Ordinarily, minimization routines use numerical gradients calculated by finite-difference approximation. This procedure systematically perturbs each of the variables in order to calculate function and constraint partial derivatives. Alternatively, you can provide a function to compute partial derivatives analytically. Typically, the problem is solved more accurately and efficiently if such a function is provided.

Consider how to solve

`$\underset{x}{\mathrm{min}}f\left(x\right)={e}^{{x}_{1}}\left(4{x}_{1}^{2}+2{x}_{2}^{2}+4{x}_{1}{x}_{2}+2{x}_{2}+1\right).$`

subject to the constraints

x1x2x1x2 ≤ –1.5,
x1x2 ≥ –10.

To solve the problem using analytically determined gradients, do the following.

### Step 1: Write a file for the objective function and gradient.

```function [f,gradf] = objfungrad(x) f = exp(x(1))*(4*x(1)^2+2*x(2)^2+4*x(1)*x(2)+2*x(2)+1); % Gradient of the objective function: if nargout > 1 gradf = [ f + exp(x(1)) * (8*x(1) + 4*x(2)), exp(x(1))*(4*x(1)+4*x(2)+2)]; end```

### Step 2: Write a file for the nonlinear constraints and the gradients of the nonlinear constraints.

```function [c,ceq,DC,DCeq] = confungrad(x) c(1) = 1.5 + x(1) * x(2) - x(1) - x(2); % Inequality constraints c(2) = -x(1) * x(2)-10; % No nonlinear equality constraints ceq=[]; % Gradient of the constraints: if nargout > 2 DC= [x(2)-1, -x(2); x(1)-1, -x(1)]; DCeq = []; end```

`gradf` contains the partial derivatives of the objective function, `f`, returned by `objfungrad(x)`, with respect to each of the elements in `x`:

 $\nabla f=\left[\begin{array}{c}{e}^{{x}_{1}}\left(4{x}_{1}^{2}+2{x}_{2}^{2}+4{x}_{1}{x}_{2}+2{x}_{2}+1\right)+{e}^{{x}_{1}}\left(8{x}_{1}+4{x}_{2}\right)\\ {e}^{{x}_{1}}\left(4{x}_{1}+4{x}_{2}+2\right)\end{array}\right].$ (1)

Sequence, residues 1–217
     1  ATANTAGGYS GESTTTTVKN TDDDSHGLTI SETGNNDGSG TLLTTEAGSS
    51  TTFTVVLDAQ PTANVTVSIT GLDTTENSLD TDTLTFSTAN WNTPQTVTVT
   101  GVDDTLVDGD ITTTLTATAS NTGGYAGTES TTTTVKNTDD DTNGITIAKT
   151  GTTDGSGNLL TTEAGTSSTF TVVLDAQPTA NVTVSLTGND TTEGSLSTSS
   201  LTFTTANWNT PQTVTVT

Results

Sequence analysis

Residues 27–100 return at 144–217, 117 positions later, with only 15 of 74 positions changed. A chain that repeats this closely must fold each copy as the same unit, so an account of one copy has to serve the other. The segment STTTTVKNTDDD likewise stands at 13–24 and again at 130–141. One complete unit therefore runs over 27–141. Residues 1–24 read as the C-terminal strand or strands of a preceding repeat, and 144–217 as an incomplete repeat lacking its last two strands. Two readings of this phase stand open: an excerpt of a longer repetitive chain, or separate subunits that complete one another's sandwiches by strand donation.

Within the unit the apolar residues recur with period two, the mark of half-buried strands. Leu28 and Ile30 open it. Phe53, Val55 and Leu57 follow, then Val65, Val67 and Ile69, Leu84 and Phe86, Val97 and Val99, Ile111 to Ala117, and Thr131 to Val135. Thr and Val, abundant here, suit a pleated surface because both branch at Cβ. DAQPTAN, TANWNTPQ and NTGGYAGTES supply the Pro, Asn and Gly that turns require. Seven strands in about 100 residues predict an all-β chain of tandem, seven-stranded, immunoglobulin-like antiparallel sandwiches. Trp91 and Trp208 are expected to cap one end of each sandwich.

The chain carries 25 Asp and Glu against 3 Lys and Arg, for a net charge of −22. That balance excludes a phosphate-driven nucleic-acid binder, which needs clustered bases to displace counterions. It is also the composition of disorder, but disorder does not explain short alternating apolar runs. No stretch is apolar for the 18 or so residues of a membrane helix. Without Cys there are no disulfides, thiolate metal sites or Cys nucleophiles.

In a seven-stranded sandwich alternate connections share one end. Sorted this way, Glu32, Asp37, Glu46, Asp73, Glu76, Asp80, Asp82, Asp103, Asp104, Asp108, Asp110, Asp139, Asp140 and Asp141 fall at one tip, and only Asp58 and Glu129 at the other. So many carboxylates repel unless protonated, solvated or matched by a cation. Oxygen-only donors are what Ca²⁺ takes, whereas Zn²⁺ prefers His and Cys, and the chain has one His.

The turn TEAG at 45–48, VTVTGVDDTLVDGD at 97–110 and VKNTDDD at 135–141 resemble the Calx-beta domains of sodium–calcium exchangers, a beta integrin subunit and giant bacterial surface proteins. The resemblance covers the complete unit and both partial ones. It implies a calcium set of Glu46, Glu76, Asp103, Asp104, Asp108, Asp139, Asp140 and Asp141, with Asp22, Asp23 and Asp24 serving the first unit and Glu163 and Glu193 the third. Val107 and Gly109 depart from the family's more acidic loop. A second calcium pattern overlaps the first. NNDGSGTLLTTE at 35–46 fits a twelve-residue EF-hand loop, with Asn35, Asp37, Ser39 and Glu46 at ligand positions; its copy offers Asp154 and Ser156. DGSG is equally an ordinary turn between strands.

The columns of `DC` contain the partial derivatives for each respective constraint (i.e., the `i`th column of `DC` is the partial derivative of the `i`th constraint with respect to `x`). So in the above example, `DC` is

 $\left[\begin{array}{cc}\frac{\partial {c}_{1}}{\partial {x}_{1}}& \frac{\partial {c}_{2}}{\partial {x}_{1}}\\ \frac{\partial {c}_{1}}{\partial {x}_{2}}& \frac{\partial {c}_{2}}{\partial {x}_{2}}\end{array}\right]=\left[\begin{array}{cc}{x}_{2}-1& -{x}_{2}\\ {x}_{1}-1& -{x}_{1}\end{array}\right].$ (2)

Since you are providing the gradient of the objective in `objfungrad.m` and the gradient of the constraints in `confungrad.m`, you must tell `fmincon` that these files contain this additional information. Use `optimoptions` to turn the options `SpecifyObjectiveGradient` and `SpecifyConstraintGradient` to `true` in the example's existing `options`:

`options = optimoptions(options,'SpecifyObjectiveGradient',true,'SpecifyConstraintGradient',true);`

If you do not set these options to `'on'`, `fmincon` does not use the analytic gradients.

The arguments `lb` and `ub` place lower and upper bounds on the independent variables in `x`. In this example, there are no bound constraints, so set both to `[]`.

### Step 3: Invoke the constrained optimization routine.

```x0 = [-1,1]; % Starting guess options = optimoptions(@fmincon,'Algorithm','sqp'); options = optimoptions(options,'SpecifyObjectiveGradient',true,'SpecifyConstraintGradient',true); lb = [ ]; ub = [ ]; % No upper or lower bounds [x,fval] = fmincon(@objfungrad,x0,[],[],[],[],lb,ub,... @confungrad,options);```

The results:

```x,fval x = -9.5474 1.0474 fval = 0.0236 [c,ceq] = confungrad(x) % Check the constraint values at x c = 1.0e-13 * -0.1066 0.1066 ceq = []```

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